Tips for Addressing ADA Claims as Employees Return to Work
The content in this blog post is for general information purposes only and should not be considered legal advice. Specific legal questions should be directed to your institution’s legal counsel.
In a recent CUPA-HR webinar, “Avoiding ADA Compliance Pitfalls in a COVID-19 World,” 71 percent of polled participants said they are somewhat worried and 22 percent said they are extremely worried about increasing ADA requests as employees return to work.
Rae T. Vann, shareholder with Carlton Fields, shared several tips and strategies for higher ed HR pros to address these concerns in a fair and consistent manner.
Be Aware of GINA Implications
According to the Equal Employment Opportunity Commission (EEOC), employers cannot ask employees if their family members have COVID-19 symptoms. Such information violates employment provisions of the Genetic Information Nondiscrimination Act (GINA). GINA bars the acquisition of an individual’s genetic information unless the acquisition falls within one of six very narrow statutory exceptions (which are not applicable in this situation). If an employer asks an employee if their spouse or child has COVID-19, they are not asking about the employee’s medical condition, but about the manifestation of disease in a family member. This violates GINA because the manifestation of disease in a family member is considered to be an individual’s genetic information. However, the EEOC makes clear that employers are permitted to ask employees more generally whether an employee has been exposed to those with COVID-19 symptoms.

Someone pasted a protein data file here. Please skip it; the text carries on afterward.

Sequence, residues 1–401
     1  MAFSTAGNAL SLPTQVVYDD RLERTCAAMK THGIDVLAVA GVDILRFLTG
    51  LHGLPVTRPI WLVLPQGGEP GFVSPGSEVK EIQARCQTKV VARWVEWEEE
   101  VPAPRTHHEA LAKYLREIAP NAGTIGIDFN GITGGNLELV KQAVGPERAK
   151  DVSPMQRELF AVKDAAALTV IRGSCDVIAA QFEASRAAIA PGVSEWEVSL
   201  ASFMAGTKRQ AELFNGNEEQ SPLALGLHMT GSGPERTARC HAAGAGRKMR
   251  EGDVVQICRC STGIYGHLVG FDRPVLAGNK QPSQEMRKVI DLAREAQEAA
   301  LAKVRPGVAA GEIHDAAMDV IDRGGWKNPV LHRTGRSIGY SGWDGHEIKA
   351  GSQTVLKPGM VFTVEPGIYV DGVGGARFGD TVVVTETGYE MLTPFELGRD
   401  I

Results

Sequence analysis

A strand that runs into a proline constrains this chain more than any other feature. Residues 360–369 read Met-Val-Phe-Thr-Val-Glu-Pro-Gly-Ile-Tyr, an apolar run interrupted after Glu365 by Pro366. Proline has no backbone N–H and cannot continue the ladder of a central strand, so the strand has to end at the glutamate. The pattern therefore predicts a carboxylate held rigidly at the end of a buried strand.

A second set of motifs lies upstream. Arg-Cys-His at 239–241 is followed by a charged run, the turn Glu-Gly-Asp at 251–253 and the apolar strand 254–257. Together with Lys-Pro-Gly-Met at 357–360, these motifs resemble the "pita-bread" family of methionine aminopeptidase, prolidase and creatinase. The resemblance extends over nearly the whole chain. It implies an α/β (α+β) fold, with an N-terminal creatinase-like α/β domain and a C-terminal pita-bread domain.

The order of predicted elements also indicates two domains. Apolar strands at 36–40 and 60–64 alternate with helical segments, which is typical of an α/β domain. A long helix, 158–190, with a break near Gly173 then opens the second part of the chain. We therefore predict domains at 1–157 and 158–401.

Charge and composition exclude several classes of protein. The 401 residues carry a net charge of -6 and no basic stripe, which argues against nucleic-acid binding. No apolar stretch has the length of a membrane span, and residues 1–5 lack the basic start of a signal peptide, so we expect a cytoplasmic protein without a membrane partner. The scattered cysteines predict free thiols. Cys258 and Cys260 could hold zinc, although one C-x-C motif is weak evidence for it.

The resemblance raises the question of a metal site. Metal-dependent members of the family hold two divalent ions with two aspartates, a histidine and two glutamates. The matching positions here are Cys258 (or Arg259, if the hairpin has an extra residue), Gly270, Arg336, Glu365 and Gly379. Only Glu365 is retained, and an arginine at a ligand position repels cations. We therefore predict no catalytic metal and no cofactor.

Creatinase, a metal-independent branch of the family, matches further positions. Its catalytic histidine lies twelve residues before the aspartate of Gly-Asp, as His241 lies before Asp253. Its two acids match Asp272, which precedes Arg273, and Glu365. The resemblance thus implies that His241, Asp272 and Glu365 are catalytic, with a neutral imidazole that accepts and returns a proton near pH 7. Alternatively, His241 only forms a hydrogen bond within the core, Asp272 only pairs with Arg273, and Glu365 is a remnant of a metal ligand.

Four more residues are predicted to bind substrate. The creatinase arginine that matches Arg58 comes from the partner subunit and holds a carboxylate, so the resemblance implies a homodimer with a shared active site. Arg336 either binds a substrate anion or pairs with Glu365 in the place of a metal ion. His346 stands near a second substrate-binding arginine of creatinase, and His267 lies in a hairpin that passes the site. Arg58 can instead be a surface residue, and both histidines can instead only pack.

Undue Hardship Is Not Limited to Financial Burdens
Employees who are at a greater risk for being infected with COVID-19 may have asked for accommodations to continue their work. While the EEOC reinforces employer flexibility and solutions-oriented approaches to these types of situations, the commission recognizes that employers face significant difficulties in providing certain accommodations in the current circumstances. Higher ed HR pros should be aware that undue hardship means any accommodation that would be unduly costly or extensive. Undue hardship does not only include accommodations that would cause an employer to be under a financial strain, but it also encompasses accommodations that are substantial or disruptive or that fundamentally alter the nature of the business. An accommodation might look cost-free on paper, but could be overly disruptive or alter the nature of the business. In this case, employers may be able to invoke the undue hardship defense.
Watch Out for Harassing Behaviors
Workplace bullying, incivility and harassment, if left unchecked, will create a host of employee relations issues that will be exacerbated by the sense of anxiety employees already feel due to COVID-19, as well as legal and compliance-related risks that may follow. Employers should take time to reinforce their values and their commitment to employee safety and heath, but also remind employees of what is expected of them in terms of workplace conduct and performance.
To learn about other best practices and strategies for address increasing ADA claims, watch the archived webinar, “Avoiding ADA Compliance Pitfalls in a COVID-19 World.”
ADA Toolkit (CUPA-HR members-only resource)
What You Should Know About COVID-19 and the ADA, the Rehabilitation Act, and Other EEO Laws (EEOC, updated 9/8/20)